A little brown bat (Myotis lucifugus) was found in Washington state infected with white-nose syndrome in March 2016. Researchers suspect through DNA analysis that the source of infection in this individual originated in the Eastern U.S. This has been the westernmost case discovered in North America thus far. A second case of white-nose syndrome was detected in Washington in April 2017. The infected bat was a Yuma myotis (Myotis yumanensis), which was the first time the disease has been found in this species.
In March 2017, the fungus was found on bats in six north Texas counties, bringing the number of states with the fungus to 33. Three bat species tested positive.
The fungus Pseudogymnoascus destructans, or a closely related species of fungus, has been found in soil samples from infected caves and suggests that it can be transported from cave to cave by soil, such as that carried by human clothing. Precautionary decontamination methods are being encouraged to inhibit the possible spread of spores by humans. The WNS Decontamination Team, a sub-group of the Disease Management Working Group, published a national decontamination protocol on March 15, 2012. They revised the protocol on June 25, 2012. In May 2015, based upon laboratory tests, a recommendation was issued to increase the temperature of the hot water treatment for submersible gear to 60 °C (140 °F) for 20 minutes (up from 50 °C (122 °F)). All other guidance in the existing protocol should be followed.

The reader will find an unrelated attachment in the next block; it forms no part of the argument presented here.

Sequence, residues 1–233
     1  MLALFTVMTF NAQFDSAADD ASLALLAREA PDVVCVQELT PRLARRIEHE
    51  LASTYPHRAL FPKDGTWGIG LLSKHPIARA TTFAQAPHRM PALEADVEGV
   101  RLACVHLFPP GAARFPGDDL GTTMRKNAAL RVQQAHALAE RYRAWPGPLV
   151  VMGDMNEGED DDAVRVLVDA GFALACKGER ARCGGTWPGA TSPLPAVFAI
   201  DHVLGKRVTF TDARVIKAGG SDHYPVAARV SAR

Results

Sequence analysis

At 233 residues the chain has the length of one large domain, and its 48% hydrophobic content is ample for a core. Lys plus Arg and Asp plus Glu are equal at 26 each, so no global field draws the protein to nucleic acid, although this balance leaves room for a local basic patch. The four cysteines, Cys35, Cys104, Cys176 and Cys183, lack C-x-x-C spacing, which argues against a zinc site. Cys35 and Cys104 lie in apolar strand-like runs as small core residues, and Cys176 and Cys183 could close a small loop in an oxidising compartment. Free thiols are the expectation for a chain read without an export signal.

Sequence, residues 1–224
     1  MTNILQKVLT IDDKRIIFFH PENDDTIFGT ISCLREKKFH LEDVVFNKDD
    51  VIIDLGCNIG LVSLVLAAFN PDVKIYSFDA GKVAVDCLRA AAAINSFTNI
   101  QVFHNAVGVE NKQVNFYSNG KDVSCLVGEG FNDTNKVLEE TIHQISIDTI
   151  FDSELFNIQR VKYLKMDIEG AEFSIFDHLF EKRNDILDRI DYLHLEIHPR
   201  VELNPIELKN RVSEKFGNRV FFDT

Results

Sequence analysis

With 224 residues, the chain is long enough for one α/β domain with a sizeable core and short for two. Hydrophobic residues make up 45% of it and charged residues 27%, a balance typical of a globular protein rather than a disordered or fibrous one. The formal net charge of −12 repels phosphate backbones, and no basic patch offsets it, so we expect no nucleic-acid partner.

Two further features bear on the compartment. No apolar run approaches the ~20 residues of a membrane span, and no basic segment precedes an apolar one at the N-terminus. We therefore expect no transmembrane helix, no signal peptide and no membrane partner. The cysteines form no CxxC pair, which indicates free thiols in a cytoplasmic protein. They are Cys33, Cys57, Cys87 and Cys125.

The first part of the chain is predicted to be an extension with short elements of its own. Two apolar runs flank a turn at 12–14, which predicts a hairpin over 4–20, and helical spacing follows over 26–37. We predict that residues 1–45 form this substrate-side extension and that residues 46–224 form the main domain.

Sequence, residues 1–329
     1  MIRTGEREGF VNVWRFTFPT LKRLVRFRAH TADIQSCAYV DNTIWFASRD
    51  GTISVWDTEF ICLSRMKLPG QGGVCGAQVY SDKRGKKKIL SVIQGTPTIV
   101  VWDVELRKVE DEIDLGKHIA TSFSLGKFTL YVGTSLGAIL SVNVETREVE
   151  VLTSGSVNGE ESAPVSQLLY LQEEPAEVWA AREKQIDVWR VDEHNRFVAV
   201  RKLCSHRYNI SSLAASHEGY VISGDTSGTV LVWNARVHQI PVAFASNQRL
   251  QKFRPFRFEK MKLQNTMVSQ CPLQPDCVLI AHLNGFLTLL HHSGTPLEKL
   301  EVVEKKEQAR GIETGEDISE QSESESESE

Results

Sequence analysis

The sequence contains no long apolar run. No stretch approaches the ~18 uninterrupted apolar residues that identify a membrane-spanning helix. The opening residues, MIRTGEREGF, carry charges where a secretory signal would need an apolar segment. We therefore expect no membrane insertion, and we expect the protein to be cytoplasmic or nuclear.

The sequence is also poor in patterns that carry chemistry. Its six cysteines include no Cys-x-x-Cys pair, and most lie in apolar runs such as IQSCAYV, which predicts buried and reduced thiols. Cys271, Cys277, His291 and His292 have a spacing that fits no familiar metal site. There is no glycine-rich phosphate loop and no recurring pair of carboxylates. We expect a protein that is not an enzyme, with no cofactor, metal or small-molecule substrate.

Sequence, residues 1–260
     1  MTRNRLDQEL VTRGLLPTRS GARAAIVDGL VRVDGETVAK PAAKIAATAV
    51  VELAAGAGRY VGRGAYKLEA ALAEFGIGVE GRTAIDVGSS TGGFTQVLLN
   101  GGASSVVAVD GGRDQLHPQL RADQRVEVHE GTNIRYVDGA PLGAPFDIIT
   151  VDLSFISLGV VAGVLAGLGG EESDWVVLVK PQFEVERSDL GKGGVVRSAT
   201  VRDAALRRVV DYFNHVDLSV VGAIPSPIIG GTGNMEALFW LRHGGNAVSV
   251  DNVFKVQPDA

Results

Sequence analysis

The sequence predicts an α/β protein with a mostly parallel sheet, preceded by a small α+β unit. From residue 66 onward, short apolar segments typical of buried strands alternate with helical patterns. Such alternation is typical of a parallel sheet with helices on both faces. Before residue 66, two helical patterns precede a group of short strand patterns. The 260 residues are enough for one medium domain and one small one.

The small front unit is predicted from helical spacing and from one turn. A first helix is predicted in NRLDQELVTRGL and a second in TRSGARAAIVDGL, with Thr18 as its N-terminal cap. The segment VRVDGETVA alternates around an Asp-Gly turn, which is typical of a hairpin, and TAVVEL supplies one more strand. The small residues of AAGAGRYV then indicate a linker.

As of 2008, cave management and preservation organizations had begun requesting that cave visitors limit their activities and disinfect clothing and equipment that has been used in possibly infected caves. The current protocol goes further, and indicates that in many cases it is inappropriate to reuse even disinfected gear, and that new gear should be used.:see p.3 flow chart
In some cases, access to caves is being closed entirely. According to New York State Department of Environmental Conservation Commissioner Basil Seggos, "Research ... demonstrates that white-nose syndrome makes bats highly susceptible to disturbances. Even a single, seemingly quiet visit can kill bats that would otherwise survive the winter. If you see hibernating bats, assume you are doing harm and leave immediately." When hibernating bats are disturbed, it raises their body temperatures, depleting fat reserves.
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|Wikimedia Commons has media related to White-Nose Syndrome.|
- Species Profile - White-Nose Syndrome, National Invasive Species Information Center, United States National Agricultural Library. Lists general information and resources for White-Nose Syndrome.
- White-Nose Syndrome Response Team
- White Nose Syndrome: The mystery fungus killing our bats, a comprehensive article from Wild Things Sanctuary
- Invasive Species Program: White-Nose Syndrome, United States Geological Survey
- Testimony before the US House Committee on Natural Resources on June 4, 2009
- WNS News from the National Speleological Society
- White-nose Syndrome: A Deadly Disease, Bat Conservation International